Paper 2018/221

Bandwidth-Hard Functions: Reductions and Lower Bounds

Jeremiah Blocki, Peiyuan Liu, Ling Ren, and Samson Zhou

Abstract

Memory Hard Functions (MHFs) have been proposed as an answer to the growing inequality between the computational speed of general purpose CPUs and Application Specific Integrated Circuits (ASICs). MHFs have seen widespread applications including password hashing, key stretching and proofs of work. Several metrics have been proposed to quantify the ``memory hardness'' of a function. Cumulative memory complexity (CMC) (Alwen and Serbinenko, STOC 2015) (or amortized Area $\times$ Time complexity (Alwen et. al., CCS 2017)) attempts to quantify the cost to acquire/build the hardware to evaluate the function --- after normalizing the time it takes to evaluate the function repeatedly at a given rate. By contrast, bandwidth hardness (Ren and Devadas, TCC 2017) attempts to quantify the energy costs of evaluating this function --- which in turn is largely dominated by the number of cache misses. Ideally, a good MHF would be both bandwidth hard and have high cumulative memory complexity. While the cumulative memory complexity of leading MHF candidates is well understood, little is known about the \emph{bandwidth hardness} of many prominent MHF candidates. Our contributions are as follows: First, we provide the first reduction proving that, in the parallel random oracle model, the bandwidth hardness of a Data-Independent Memory Hard Function (iMHF) is described by the red-blue pebbling cost of the directed acyclic graph (DAG) associated with that iMHF. Second, we show that the goals of designing an MHF with high CMC/bandwidth hardness are well aligned. In particular, we prove that any function (data-independent or not) with high CMC also has relatively high bandwidth costs. Third, we analyze the bandwidth hardness of several prominent iMHF candidates such as Argon2i (Biryukov et. al., 2015), winner of the password hashing competition, aATSample and DRSample (Alwen et. al., CCS 2017) --- the first practical iMHF with essentially asymptotically optimal CMC. We prove that in the parallel random oracle model each iMHFs are maximally bandwidth hard. Fourth, we analyze the bandwidth hardness of a prominent dMHF called Scrypt. We prove the first unconditional tight lower bound on the energy cost of Scrypt in the parallel random oracle model. Finally, we show that the problem of finding the minimum cost red-blue pebbling of a directed acyclic graph is NP-hard.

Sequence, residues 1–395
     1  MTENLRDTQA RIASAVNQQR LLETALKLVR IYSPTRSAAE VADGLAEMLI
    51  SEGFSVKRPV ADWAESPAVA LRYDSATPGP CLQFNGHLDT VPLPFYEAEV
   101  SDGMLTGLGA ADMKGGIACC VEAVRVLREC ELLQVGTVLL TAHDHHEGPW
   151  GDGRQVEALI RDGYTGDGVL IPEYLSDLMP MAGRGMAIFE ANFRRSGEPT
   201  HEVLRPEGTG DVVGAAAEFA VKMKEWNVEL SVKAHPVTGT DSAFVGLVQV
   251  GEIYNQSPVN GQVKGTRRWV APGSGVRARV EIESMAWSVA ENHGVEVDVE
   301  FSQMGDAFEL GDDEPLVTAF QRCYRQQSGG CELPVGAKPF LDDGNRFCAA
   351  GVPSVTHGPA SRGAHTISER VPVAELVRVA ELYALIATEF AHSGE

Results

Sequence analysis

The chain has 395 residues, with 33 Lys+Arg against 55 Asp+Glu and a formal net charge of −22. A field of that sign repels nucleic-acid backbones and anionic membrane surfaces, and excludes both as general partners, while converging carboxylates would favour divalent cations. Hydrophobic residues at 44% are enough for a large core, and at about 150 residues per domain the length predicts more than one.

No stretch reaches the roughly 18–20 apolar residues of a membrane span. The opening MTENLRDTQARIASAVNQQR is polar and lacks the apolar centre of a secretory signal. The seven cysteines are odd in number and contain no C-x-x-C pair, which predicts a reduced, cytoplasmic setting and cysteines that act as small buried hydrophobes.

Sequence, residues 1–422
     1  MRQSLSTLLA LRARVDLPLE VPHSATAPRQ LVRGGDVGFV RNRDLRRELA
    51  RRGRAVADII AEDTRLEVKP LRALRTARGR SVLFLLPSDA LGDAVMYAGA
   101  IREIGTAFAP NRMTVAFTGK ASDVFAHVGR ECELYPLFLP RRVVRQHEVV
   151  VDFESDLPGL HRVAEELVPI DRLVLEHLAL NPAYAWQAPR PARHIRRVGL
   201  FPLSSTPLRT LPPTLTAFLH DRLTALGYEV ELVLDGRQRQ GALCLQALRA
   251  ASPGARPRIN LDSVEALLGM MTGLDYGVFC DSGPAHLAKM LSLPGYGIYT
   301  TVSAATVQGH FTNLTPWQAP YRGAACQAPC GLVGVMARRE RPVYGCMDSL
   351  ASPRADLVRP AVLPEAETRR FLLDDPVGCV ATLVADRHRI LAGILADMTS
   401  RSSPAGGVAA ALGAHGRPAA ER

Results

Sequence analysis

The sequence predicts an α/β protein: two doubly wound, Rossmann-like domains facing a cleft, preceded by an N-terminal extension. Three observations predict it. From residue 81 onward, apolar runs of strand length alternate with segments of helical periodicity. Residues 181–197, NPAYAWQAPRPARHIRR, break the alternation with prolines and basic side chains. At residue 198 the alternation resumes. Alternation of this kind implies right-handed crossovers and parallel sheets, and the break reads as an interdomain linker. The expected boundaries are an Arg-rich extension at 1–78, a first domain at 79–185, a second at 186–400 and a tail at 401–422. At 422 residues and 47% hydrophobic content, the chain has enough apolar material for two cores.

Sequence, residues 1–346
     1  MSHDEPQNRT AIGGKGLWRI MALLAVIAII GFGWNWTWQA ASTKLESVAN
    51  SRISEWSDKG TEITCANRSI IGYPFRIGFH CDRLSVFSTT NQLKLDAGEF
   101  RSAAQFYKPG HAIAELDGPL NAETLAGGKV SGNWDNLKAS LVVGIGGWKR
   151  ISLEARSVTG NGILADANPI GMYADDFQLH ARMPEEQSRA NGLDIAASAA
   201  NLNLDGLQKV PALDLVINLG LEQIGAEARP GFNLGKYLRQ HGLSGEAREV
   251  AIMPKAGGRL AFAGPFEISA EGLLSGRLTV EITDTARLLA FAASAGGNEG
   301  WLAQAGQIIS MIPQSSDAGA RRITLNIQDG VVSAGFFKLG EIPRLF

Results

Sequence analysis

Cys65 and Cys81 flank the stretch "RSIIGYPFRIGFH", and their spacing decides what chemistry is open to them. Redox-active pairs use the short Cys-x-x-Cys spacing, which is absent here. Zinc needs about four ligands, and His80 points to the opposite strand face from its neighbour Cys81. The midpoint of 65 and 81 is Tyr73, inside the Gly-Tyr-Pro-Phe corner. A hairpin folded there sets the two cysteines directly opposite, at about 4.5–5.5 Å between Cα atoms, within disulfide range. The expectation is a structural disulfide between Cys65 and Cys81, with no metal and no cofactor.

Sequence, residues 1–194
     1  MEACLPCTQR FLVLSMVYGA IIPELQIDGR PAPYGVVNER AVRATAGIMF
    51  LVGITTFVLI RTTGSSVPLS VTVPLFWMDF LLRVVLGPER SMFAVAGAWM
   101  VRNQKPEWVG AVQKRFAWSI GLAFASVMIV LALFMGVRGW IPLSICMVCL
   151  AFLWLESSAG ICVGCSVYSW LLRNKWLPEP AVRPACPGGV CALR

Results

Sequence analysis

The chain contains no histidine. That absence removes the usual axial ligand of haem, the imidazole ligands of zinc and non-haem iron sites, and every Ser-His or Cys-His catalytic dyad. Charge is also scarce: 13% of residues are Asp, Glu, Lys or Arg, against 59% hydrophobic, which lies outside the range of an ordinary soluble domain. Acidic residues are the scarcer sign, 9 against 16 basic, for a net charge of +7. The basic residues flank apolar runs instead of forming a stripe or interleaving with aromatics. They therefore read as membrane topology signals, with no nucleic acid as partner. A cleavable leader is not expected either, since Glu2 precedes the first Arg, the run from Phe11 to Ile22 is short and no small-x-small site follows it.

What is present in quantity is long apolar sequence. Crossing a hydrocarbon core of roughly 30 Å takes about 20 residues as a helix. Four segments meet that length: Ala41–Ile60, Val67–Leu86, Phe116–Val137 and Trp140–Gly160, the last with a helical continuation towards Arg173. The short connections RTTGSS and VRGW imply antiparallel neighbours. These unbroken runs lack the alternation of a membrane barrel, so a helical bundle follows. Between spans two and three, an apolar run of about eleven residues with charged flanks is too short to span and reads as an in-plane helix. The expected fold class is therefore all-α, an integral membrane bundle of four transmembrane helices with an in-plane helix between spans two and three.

Note: Full version of CCS 2018 paper. The original version of this paper appeared at CCS 2018 with Jeremiah Blocki, Ling Ren and Samson Zhou as authors. The updated paper includes full/unconditional lower bound on the bandwidth hardness of Scrypt resolving an open question from the original version of the paper. Peiyuan Liu has been added as an author for her contributions to the new Scrypt lower bound. The updated paper also corrects several bugs in the paper.

Metadata
Available format(s)
PDF
Category
Foundations
Publication info
Published elsewhere. Major revision.Proceedings of the 25th ACM Conference on Computer Security (CCS 2018)
DOI
10.1145/3243734.3243773
Keywords
CryptanalysisHash FunctionsBandwidth-Hard FunctionsMHFsArgon2iscryptRed-blue pebbling
Contact author(s)
liu2039 @ purdue edu
History
2022-05-05: last of 7 revisions
2018-02-27: received
See all versions
Short URL
https://ia.cr/2018/221
License
Creative Commons Attribution
CC BY

BibTeX

@misc{cryptoeprint:2018/221,
      author = {Jeremiah Blocki and Peiyuan Liu and Ling Ren and Samson Zhou},
      title = {Bandwidth-Hard Functions: Reductions and Lower Bounds},
      howpublished = {Cryptology ePrint Archive, Paper 2018/221},
      year = {2018},
      doi = {10.1145/3243734.3243773},
      note = {\url{https://eprint.iacr.org/2018/221}},
      url = {https://eprint.iacr.org/2018/221}
}
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